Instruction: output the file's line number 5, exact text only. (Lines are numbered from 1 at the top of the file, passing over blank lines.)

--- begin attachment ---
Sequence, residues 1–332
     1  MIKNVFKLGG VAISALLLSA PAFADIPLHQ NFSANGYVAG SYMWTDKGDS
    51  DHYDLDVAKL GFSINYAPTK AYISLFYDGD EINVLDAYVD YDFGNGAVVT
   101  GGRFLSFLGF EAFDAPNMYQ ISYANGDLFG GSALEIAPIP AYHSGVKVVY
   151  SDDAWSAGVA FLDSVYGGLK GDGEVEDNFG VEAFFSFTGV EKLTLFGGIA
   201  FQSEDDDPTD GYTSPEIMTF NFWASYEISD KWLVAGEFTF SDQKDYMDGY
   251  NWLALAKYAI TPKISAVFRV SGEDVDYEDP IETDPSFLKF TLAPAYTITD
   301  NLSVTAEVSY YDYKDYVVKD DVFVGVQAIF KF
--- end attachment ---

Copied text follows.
   151  SDDAWSAGVA FLDSVYGGLK GDGEVEDNFG VEAFFSFTGV EKLTLFGGIA